So without going into all your exact details, my question remains as to what you think about the Grossman-Cormack results showing that the continuous approach beats both of the simple approaches?
I mean, unless you’re doing some sort of interactive clustering and then manually going through and knocking off things as non-responsive, based on a few descriptive keywords of the cluster. But that’s not really judging hundreds of thousands of documents, as in actually judging them. It is a semi-supervised approach, rather than a fully-supervised approach.
But even there, you only semi-supervise for a finite period of time (simple learning) rather than continuously (continuous learning). Non?
I think the key here is to rely on all the information you have — from the client, the attorney, a subject matter expert, the terms that show up in the database index and maybe some random selection as well. I think people buy into the random selection thing because it has a sort of scientific sound and then how it is pitched by sales folks. It seems objective.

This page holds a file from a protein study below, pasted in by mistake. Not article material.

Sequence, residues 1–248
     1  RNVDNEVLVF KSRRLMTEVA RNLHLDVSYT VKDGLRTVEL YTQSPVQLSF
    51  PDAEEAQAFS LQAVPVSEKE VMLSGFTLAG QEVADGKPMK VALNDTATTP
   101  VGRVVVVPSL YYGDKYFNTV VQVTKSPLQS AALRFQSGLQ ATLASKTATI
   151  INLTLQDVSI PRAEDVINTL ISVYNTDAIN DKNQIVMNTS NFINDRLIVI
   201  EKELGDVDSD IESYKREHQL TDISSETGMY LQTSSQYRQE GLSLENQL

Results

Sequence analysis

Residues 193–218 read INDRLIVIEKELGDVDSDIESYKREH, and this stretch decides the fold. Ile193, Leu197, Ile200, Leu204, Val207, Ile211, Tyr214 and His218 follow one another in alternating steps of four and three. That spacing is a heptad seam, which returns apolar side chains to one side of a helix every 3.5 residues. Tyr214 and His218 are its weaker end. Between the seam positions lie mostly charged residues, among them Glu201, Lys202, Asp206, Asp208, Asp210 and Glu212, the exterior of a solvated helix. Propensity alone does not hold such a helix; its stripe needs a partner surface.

I have always asked them to define random and they often go to the it is like political polling. At that point I become even more skeptical because it is not like polling but more like testing where an item is judged to be relevant enough. Another thing I like to know is can you create a structured sample that will give me documents from each custodian and of the various types including non-text documents this is often met with blank stares.
Our collections are targeted and therefore biased towards relevance and I have not spoken to a sales person who understands how this might have an effect on the idea of randomness.
Last thing. This notion that attorneys do not want to see documents that will hurt their client strikes me a wrong. Attorneys want to be able to make the best case given the facts and evidence which they can only do by seeing the good, the bad and the ugly. Doing this for 30 years I have yet to work with attorney who did not want do see as many relevant documents as could be located no matter the content.